Intermittent androgen deprivation was just as effective as continuous therapy in terms of overall survival rates among men with prostate cancer and improved some quality-of-life factors as well, demonstrated a study reported in The New England Journal of Medicine (2012;367:895-903).

Noting that intermittent androgen deprivation for prostate-specific antigen (PSA) elevation after radiotherapy for prostate cancer may improve quality of life and delay hormone resistance, researchers compared overall survival in intermittent and continuous treatment. The study included men with a PSA level greater than 3 ng/mL more than 1 year after primary or salvage radiotherapy for localized prostate cancer.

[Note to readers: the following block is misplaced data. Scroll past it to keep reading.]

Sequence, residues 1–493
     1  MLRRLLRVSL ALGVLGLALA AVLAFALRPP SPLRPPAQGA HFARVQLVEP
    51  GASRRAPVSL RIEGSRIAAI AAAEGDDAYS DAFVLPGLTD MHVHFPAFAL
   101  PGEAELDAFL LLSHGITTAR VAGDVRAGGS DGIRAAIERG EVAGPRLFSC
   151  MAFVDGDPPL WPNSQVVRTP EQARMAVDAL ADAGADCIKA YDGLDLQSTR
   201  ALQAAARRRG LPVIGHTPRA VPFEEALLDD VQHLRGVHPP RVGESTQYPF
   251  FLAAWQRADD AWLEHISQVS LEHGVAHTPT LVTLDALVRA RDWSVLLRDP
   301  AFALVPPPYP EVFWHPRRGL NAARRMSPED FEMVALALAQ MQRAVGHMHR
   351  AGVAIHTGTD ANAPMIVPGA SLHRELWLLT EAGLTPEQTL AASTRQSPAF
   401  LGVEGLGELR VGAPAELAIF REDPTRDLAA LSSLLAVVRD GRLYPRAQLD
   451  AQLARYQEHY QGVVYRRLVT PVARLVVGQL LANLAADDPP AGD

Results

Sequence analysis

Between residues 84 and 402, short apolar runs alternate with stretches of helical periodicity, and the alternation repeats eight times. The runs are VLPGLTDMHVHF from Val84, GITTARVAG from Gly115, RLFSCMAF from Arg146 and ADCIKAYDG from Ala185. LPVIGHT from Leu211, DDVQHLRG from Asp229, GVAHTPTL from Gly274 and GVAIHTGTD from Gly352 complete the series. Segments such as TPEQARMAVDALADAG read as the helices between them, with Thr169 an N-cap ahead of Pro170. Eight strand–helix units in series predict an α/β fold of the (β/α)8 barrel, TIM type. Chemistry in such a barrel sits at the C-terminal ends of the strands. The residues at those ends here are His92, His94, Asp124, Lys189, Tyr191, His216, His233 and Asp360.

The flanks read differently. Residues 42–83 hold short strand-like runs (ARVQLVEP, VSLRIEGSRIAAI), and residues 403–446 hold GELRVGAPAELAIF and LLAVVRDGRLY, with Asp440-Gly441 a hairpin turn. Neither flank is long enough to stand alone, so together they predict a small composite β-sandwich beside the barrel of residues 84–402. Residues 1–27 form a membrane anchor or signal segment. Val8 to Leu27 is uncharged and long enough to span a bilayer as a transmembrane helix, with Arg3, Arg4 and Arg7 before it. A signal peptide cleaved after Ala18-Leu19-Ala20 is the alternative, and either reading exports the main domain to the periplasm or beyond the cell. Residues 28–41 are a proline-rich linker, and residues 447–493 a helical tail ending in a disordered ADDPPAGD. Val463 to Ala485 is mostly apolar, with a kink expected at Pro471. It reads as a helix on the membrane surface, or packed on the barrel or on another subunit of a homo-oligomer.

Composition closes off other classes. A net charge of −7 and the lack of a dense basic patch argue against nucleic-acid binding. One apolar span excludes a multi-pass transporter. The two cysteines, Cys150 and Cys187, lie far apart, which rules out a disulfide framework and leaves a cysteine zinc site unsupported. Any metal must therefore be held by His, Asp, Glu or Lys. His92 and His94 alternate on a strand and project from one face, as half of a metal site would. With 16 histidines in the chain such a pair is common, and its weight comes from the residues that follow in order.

A total of 690 men were randomized to intermittent therapy, provided in 8-month cycles, with nontreatment periods determined according to the PSA level. Another 696 men were assigned to continuous therapy. Median follow-up was 6.9 years.

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Over the course of follow-up, 268 men undergoing intermittent therapy died, compared with 256 in the continuous-therapy group. Median overall survival was 8.8 years in the intermittent-therapy group, compared with 9.1 years for the men receiving continuous therapy. The estimated 7-year cumulative rates of disease-related death were 18% for intermittent therapy and 15% for continuous therapy.

No significant differences in adverse events were seen between the two groups. Intermittent therapy provided potential benefits in physical function, fatigue, urinary problems, hot flashes, libido, and erectile function.